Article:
GENEVA — Swiss authorities on Monday verified a cops raid at the house of a Swiss cyberpunk that took credit score for aiding to get into a U.S. security-camera business’s on the internet networks, component of what the cyberpunk pointed out as an initiative to increase understanding regarding the risks of mass security.
The Federal Office of Justice claimed local authorities in main Lucerne, acting upon a lawful support demand from U.S. authorities, on Friday accomplished a residence search entailing a team of protestor cyberpunks utilizing the name Tillie Kottmann.
The cyberpunk claimed electronics gadgets were taken throughout the raid. The Swiss workplace decreased to define the place or comment even more, delaying all concerns to “the relevant U.S. authority.”
The FBI claimed in a declaration Friday it was “aware of the law enforcement activity conducted in Switzerland” yet had no additional remark.
The team of “hacktivists” say they were able to peer into hospitals, schools, factories, jails and corporate offices for much of Monday and Tuesday last week after gaining access to the systems of California startup Verkada. They said the action was aimed at raising awareness about mass surveillance.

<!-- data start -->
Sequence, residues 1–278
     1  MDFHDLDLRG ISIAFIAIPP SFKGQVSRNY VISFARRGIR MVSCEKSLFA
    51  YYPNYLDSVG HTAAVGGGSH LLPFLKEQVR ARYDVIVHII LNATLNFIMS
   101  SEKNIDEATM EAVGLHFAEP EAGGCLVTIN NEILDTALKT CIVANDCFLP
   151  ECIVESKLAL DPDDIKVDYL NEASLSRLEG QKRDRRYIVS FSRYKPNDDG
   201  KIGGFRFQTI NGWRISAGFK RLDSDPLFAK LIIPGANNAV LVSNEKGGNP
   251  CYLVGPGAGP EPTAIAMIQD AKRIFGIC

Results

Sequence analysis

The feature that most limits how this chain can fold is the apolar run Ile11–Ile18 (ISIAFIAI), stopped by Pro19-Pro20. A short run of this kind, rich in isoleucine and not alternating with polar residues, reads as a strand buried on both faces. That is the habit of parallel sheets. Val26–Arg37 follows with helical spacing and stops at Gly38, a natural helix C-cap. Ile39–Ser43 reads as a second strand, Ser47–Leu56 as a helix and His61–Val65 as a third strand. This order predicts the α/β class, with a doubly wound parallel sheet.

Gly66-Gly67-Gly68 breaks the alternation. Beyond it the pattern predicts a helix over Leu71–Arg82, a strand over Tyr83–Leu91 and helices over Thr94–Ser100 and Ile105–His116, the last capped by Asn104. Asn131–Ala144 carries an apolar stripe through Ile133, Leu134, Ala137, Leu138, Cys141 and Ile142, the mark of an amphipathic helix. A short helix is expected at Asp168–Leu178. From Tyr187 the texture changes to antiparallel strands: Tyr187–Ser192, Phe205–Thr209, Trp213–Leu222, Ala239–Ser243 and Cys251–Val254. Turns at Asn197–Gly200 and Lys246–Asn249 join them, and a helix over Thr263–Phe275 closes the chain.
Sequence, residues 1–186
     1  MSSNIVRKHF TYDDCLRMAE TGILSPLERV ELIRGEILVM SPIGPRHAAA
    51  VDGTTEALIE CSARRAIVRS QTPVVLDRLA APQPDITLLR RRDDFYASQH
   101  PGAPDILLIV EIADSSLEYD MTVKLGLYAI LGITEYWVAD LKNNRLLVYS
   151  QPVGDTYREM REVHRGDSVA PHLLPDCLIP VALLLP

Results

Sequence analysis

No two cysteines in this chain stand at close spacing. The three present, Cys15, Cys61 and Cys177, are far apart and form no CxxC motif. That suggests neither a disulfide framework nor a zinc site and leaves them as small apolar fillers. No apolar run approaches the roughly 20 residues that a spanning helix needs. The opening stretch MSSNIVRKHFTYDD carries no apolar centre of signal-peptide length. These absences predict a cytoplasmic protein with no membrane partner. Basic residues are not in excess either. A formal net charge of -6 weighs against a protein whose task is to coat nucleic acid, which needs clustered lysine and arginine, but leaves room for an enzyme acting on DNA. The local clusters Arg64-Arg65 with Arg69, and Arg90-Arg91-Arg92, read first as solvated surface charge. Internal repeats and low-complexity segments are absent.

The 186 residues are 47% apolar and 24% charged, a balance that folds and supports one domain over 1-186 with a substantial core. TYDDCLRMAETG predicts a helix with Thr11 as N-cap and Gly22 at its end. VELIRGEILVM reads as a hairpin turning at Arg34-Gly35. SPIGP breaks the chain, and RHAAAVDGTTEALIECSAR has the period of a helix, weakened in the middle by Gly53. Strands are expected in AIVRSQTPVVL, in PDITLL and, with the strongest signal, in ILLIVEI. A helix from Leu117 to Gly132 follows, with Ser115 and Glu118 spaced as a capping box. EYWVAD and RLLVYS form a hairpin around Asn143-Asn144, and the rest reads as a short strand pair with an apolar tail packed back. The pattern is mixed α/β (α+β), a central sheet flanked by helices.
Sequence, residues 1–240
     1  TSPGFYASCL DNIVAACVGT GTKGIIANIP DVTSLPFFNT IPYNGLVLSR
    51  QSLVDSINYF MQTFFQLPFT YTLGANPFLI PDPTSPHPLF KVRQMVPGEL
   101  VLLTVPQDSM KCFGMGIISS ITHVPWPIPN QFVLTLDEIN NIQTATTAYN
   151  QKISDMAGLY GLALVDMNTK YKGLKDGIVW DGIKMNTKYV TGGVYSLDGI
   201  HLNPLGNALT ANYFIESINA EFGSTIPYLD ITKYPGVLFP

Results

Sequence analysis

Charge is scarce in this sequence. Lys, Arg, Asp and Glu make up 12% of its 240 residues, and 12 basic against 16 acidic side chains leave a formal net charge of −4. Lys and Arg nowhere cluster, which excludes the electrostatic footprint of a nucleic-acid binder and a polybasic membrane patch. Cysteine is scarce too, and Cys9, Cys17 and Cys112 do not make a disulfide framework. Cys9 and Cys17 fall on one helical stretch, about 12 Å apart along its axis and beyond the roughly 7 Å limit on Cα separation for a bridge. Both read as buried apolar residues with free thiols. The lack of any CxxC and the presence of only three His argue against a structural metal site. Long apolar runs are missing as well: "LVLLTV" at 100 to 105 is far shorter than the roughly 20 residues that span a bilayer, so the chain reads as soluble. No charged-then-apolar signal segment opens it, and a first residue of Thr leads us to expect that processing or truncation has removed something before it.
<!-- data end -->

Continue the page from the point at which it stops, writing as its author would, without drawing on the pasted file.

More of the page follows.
Verkada later locked them out by disabling all internal administrator accounts that the hackers had accessed using valid credentials found online. The company alerted law enforcement and its customers.
“My apartment was raided by local police this morning 7am my time and all my electronic devices have been confiscated on request of the US department of justice,” said a post from someone using the name Tillie Kottmann on the social media site Mastodon.
Kottmann didn’t immediately return requests for comment.
Verkada, based in San Mateo, California, has pitched its cloud-based surveillance service as part of the next generation of workplace security. Its software detects when people are in the camera’s view, and a “Person History” feature enables customers to recognize and track individual faces and other attributes, such as clothing color and likely gender. Not all customers use the facial recognition feature.